More than 300 million people of all ages worldwide suffer from depression, according to the World Health Organization (WHO). Unfortunately, although there are effective treatments for depression, fewer than half of those affected receive such treatments.

At its worst, depression can lead to suicide, says the WHO.

And according to the Centers for Disease Control and Prevention (CDC), suicide is the second-leading cause of death for people ages 15–34 and the 10th leading cause of death overall in the United States.

But depression is treatable, and proper treatments are effective. The key is recognizing the signs and symptoms of depression and/or suicidal thoughts and getting the help that you or your loved one needs.

What does depression look like?
Depression can be challenging to identify, both for those who are experiencing it, and those around them, because to an outside observer, a person experiencing depression may appear healthy.

There are two types of depression. In major depression, depression symptoms interfere with one’s ability to function in all areas of life (work, family, sleep and so on). In dysthymia, a mild but long-term form of depression, the symptoms are not as severe but still can affect your ability to function at normal levels.

Common symptoms of depression include:
-Agitation, restlessness, irritability
-Depressed mood (feeling sad or empty)
-Fatigue or loss of energy
-Feelings of worthlessness, hopelessness, guilt
-Lack of interest in previously enjoyable activities
-Inability to think or concentrate, or indecisiveness
-Insomnia or hypersomnia
-Significant weight loss or gain, or decrease or increase in appetite

Recurrent thoughts of death, recurrent suicidal ideation, suicide attempt or plan for completing suicide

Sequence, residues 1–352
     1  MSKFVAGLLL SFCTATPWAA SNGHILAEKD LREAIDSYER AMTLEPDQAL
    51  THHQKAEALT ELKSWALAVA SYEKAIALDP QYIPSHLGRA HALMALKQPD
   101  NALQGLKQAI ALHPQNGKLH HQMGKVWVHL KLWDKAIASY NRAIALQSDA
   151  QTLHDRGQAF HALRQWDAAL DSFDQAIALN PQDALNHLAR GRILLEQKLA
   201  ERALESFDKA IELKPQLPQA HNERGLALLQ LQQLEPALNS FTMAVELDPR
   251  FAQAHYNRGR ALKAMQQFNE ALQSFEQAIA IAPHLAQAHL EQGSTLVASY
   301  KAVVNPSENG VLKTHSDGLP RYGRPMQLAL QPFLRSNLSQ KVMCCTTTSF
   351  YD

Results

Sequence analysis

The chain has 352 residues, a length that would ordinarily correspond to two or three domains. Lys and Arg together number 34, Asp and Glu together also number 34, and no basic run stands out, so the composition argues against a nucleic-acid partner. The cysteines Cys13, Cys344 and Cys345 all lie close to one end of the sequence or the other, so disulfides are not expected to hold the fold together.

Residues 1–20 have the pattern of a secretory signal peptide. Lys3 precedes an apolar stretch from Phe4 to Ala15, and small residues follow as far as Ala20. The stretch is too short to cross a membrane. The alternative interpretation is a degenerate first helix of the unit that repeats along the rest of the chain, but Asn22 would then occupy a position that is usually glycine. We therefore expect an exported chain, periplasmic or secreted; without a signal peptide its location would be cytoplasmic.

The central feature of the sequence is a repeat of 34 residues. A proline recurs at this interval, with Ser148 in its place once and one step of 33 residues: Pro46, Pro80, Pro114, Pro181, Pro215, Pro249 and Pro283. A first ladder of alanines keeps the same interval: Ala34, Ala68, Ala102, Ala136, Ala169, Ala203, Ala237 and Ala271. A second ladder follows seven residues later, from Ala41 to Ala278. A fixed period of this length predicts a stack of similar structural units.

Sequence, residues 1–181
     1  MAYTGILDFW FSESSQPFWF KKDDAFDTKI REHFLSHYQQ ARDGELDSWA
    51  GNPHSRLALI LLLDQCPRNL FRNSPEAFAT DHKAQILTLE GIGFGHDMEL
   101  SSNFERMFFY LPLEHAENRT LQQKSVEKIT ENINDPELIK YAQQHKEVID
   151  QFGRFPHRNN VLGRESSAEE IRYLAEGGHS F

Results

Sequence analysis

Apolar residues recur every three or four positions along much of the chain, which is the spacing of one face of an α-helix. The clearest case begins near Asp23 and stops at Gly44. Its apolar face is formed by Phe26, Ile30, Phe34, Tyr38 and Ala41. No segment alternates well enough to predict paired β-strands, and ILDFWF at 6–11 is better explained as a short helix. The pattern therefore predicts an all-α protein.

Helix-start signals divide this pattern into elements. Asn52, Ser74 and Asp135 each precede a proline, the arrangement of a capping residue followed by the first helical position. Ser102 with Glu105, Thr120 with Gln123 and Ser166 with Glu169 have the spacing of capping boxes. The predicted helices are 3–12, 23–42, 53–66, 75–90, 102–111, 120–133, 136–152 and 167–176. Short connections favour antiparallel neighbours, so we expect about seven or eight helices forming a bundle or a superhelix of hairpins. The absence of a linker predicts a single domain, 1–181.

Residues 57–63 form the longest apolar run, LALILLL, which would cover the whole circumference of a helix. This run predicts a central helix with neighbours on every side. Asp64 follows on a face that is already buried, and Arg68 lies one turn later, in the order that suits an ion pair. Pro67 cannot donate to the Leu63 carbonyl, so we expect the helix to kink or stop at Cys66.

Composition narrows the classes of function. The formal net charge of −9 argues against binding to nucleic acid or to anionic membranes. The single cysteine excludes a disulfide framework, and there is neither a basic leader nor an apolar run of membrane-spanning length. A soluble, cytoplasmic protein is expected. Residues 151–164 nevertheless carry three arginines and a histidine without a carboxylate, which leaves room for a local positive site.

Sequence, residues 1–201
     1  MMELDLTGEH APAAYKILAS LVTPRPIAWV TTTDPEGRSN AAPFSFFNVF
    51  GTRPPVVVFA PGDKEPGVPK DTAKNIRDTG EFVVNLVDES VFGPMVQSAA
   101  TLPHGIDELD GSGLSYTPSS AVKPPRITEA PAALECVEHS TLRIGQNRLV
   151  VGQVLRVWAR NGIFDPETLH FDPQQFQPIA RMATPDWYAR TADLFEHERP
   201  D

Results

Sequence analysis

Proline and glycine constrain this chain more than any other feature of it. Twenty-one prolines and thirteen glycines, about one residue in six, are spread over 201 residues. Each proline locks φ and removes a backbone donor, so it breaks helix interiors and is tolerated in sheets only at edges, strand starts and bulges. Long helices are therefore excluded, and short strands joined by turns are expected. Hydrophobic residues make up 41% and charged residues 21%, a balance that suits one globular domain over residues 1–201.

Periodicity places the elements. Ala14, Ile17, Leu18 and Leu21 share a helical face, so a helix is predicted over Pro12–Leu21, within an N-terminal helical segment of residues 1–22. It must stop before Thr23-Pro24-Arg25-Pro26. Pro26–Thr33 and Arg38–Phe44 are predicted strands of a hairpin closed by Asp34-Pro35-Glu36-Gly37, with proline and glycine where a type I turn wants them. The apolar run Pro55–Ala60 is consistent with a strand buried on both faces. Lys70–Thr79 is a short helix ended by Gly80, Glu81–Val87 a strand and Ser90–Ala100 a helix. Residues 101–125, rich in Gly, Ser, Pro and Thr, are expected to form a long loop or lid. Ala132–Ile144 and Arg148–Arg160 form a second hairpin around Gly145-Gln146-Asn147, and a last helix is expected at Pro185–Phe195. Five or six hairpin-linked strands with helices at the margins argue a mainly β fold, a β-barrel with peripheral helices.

People experiencing depression feel some range of these symptoms almost every day.

How can you tell if someone is suicidal?
The signs of depression also serve as visible warning signs of potential suicidal thoughts.

But keep warning signs in context, says David Lim, licensed clinical social worker for Navos. It helps if you have knowledge about a person’s past or what they’re currently dealing with.

Has the person had a recent loss such as divorce or death of a loved one? Is the person unemployed? What kind of social support do they have? Have they talked about feeling hopeless?

“Even just a little bit of historical information can be helpful,” Lim says.

Another big warning sign: Pay attention if someone who has seemed depressed suddenly seems exceptionally happy, he says. Especially if they’re also being very generous and giving things away.

“A lot of times that’s something to pay attention to,” Lim says. “Suicidal ideation does give relief. It serves as a way to reduce anxiety over pain.”
And the dangerous part is that the increase in mood and energy may actually help a person act on their suicidal thoughts.

“It’s deceiving,” he says. “If a person is depressed, they may not actually have any energy to take their own life. But if they do have energy, it increases the likelihood.”

How can you help?
If you or someone you love is experiencing symptoms like those above, an assessment from a trained mental health professional is an important first step. Don’t let fears or stereotypes about mental health keep you from getting treatment that could significantly improve your life.

There are many local options for counseling and other mental health services in our area, including Navos and MultiCare Behavioral Health Services.
If you have a feeling a loved one could be suicidal but they haven’t vocalized it, or they deny it when asked, you can always call the crisis hotline or text the crisis text line to ask for advice — or call the police on behalf of the person if you are worried they might hurt themselves.

“If you think someone needs help and they’re not telling you, follow it,” says Lim. “If you’re wrong, it may result in hurt feelings or anger, but if you’re not wrong, then you’re going to regret not asking for additional help.”

There are both local and national resources available to help 24 hours a day, seven days a week in a crisis:
Pierce County Health Crisis Line: 800-576-7764
The National Suicide Prevention Lifeline: 800-273-TALK (8255)
Crisis Text Line: 741741

Learn more
To get help for depression and other behavioral health concerns in Pierce County, contact MultiCare Behavioral Health at 888-445-8120 or Greater Lakes Mental Healthcare (Medicare or Medicaid only) at 253-581-7020.
MultiCare Health System is a not-for-profit health care organization with more than 18,000 employees, providers and volunteers.